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Keeping Your Handgun Clean and Ready for Action

Posted by Pistol Accents on 8/1/2014 to Tactical Firearms Training
If you are going to go through the cost, training, and hassle involved in getting a handgun, you really need to make sure you also keep your gun clean. After all, failure to clean your handgun on a regular basis could very well result in it not being able to perform when you need it most.

The first cleaning rule of thumb is to clean your handgun after every time that you fire it, yes, even if you have fired it just a single time. When you purchase your handgun you ought to go ahead and get yourself a quality gun cleaning kit at the same time. At the very least, this kit will contain gun oil, cleaning solvent, a cleaning rod, a bore brush, a patch holder and patches, a cleaning brush, cotton swabs, and a microfiber polishing cloth. Make sure you get the right size rod, brushes, patch holders and the like to fit your handgun.

Once you are done firing your handgun get ready to clean it by UNLOADING your gun and then double checking to ensure that the magazine has been removed and that there is not a round chambered by looking through the barrel and the chamber.  

Next, prepare the cleaning area. Make sure it is well lit and well ventilated. And, prepare a surface to work on by laying down some old towels or newspapers. After you are sure that the weapon is unloaded and your work area is ready, disassemble your handgun, but only as much as the owner’s manual suggests. Do not disassemble your gun too far unless you are an expert. In fact, there is no need to disassemble your gun more than its manufacturer recommends unless it needs to be repaired, which is something that most gun owners are not able to do on their own.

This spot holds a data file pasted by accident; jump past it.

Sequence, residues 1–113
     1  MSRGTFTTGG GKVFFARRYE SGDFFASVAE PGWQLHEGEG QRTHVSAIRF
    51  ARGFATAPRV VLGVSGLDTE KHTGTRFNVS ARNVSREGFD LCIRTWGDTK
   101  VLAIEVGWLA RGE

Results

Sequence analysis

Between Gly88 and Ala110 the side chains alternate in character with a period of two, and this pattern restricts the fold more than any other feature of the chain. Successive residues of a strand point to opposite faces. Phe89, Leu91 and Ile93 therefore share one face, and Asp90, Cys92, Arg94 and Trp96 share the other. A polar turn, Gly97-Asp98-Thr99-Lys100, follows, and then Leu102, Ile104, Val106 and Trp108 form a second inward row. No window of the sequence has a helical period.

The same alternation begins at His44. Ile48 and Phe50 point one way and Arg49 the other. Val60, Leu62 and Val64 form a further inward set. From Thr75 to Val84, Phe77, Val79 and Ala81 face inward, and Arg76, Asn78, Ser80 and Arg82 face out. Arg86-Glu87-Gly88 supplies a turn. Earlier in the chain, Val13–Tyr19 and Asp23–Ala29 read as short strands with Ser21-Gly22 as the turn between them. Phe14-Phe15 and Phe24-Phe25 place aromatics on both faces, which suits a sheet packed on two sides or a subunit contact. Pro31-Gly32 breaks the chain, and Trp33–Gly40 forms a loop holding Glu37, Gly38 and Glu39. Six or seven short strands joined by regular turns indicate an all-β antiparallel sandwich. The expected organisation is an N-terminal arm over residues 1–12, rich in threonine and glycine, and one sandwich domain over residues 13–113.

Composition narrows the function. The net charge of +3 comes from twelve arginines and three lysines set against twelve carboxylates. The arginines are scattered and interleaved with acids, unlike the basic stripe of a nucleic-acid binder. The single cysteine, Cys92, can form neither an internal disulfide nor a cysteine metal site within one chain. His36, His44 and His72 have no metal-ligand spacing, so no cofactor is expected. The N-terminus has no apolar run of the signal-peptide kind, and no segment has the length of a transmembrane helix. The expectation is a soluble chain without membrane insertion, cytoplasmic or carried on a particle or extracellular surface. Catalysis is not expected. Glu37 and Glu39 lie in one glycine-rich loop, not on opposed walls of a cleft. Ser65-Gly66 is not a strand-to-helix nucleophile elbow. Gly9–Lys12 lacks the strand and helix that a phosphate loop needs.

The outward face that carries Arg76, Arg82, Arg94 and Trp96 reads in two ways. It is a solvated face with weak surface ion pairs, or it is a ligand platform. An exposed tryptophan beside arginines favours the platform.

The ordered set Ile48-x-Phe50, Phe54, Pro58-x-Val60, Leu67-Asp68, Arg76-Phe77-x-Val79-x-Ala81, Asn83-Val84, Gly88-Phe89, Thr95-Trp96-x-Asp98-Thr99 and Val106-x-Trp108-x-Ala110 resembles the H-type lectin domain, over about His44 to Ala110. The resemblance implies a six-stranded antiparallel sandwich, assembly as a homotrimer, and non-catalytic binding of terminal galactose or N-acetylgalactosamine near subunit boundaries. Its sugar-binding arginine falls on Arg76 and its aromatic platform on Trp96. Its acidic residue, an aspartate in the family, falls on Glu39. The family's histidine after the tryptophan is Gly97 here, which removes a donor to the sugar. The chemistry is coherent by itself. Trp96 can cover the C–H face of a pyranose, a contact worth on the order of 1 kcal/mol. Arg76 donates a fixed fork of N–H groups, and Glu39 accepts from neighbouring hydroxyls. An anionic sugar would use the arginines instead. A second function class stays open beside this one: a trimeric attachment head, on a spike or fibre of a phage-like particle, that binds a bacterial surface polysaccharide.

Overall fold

Most semi-automatic pistols will break down to a barrel, guide rod, slide, frame, and magazine. Revolvers meanwhile don’t need to be broken down to be cleaned.

Cleaning the barrel is rather straight forward. You do this with the cleaning rod, patch holder and patches. Soak the patches in the cleaning solvent and run them through the barrel working from the backside of the barrel. Once the dirty patches exit the other side of the barrel, remove them so that they do not go through the barrel again.   

After you have cleaned the barrel with the cotton patches, replace the patch holder with the bore brush and run the brush through the barrel using a back-and-forth scrubbing motion. This will dislodge all sorts of gunk. Then, go back to the solvent-soaked patches to clean out this gunk. When you think the barrel is clean, go with dry patches. Once a dry patch can make it through the length of the barrel and remain clean, the barrel is clean. The final step for the barrel is lubricating it with gun oil and a cotton patch. Only give the barrel a light coating of oil.

After the barrel is clean and lubricated, set it aside and pick up the action. Clean its inside and moving bits with a nylon cleaning brush and solvent. After it is clean, dry it and lightly lubricate it.

Finally, reassemble your handgun and then lightly polish its exterior with the microfiber cloth. That is it. Your handgun is clean and ready for the next time it is needed.